Your goal here should be to figure out where the graduate really wants to be going – and whether or not they’re on their way. Pay attention. Listen to what the graduate is saying. Be positive about the things they’re passionate about. Let the graduate do most of the talking. And, when you’re done, make sure you’ve taken away two or three things about the graduate’s dreams and future that are clearly true and that the graduate is clearly excited about.

A Telephone Call
Once you have that source material, look through your contacts. Do you know any people that are doing anything close to the area toward which the graduate is focusing? Call them up. Explain what’s going on. Ask for their thoughts.

If there are opportunities for the graduate, pass them along. Let the graduate know of any opportunities you discover for them. Even better, if you have the chance to make a positive case for that graduate, do so. Grease the rails for them so that those early, tentative career steps go quite easily.

Most likely, though, you’ll gather some useful insights about their direction and you might also gather an additional contact or two.

Take all of the information you discover and deliver it to the graduate. Tell them that you called an old friend of yours who’s doing that kind of work and here’s what he/she had to say. Pass along any useful contact information if you can.

In short, help the graduate (if you can) by getting their foot in the door. Every bit helps, and if you can help that graduate open a door, you’ve changed their life.

A Single Key Reflection
Taking together all you’ve learned about the graduate and where he/she is headed, spend some time thinking about the one piece of advice you’d like to give that student. Don’t just go with your first instinct – don’t be afraid, even, to jot down several ideas and think about them, but stick with just one – the real home run.

The graduate won’t remember the $20 bill you stuck in the card. But they might remember something insightful and useful that you wrote, especially if it clicks with them. That $20 will be lost in the mists of time, but a useful bit of knowledge pays dividends forever.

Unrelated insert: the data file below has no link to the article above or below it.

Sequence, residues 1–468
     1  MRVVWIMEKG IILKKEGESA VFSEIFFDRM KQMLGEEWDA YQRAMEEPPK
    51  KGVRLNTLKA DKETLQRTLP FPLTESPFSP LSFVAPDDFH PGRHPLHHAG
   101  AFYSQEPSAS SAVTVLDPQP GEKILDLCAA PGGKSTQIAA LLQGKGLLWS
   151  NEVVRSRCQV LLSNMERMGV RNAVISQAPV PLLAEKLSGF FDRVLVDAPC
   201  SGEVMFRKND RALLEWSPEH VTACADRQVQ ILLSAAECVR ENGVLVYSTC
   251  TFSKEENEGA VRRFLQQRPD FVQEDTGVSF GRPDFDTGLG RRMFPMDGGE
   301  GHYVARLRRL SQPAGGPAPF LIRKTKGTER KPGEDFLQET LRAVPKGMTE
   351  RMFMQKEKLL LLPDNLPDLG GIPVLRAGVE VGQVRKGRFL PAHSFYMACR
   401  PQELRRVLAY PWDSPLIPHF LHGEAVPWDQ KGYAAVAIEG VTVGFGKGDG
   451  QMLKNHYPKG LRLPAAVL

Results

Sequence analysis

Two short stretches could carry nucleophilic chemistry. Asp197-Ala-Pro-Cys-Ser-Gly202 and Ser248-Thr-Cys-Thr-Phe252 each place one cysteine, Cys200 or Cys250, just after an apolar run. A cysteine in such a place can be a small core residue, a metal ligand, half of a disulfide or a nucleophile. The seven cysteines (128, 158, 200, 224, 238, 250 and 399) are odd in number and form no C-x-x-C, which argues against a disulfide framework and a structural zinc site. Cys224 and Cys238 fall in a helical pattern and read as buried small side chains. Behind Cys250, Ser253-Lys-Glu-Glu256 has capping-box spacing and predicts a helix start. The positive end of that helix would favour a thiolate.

Surround that one piece of advice with some strong positive reinforcement. Let the graduate know that you see great potential in him/her and that you look forward to their great future.

Words like this can really have an impact. I still remember the advice and similar sentiments that people gave to me in graduation cards, but I don’t remember who gave me $10 and who didn’t a decade ago. The advice stuck with me and helped me to grow – a truly great graduation gift.

A Follow-Up
Most people limit their congratulations and help to the graduate to the days around the actual ceremony. When that graduate will probably need help, though, will come a while down the road.

Touch base with the graduate a few months after graduation and see how they’re doing. Are they still struggling with finding their place? Or have they found a happy home?

You may find that you can offer much more help early in their career than at their graduation. Encouragement can be key in the midst of early challenges. A little helping hand can be much more useful after the glow of graduation has come off and the realities of professional life are starting to appear.

If it seems potentially useful, get ahold of your contacts again and see if anything has changed. Are there any new opportunities? Pass these along to the graduate.

Here’s the big thing: graduation and entry into professional life is often a huge shock for people, but the support they get usually just comes in a burst at their graduation party. If you really want to give something with impact, give them time, both before and after graduation, and help pull a few strings for the graduate. It won’t cost you much at all – and it can make all the difference to a motivated graduate.

Good luck!

Source: Trent Hamm ~ The Simple Dollar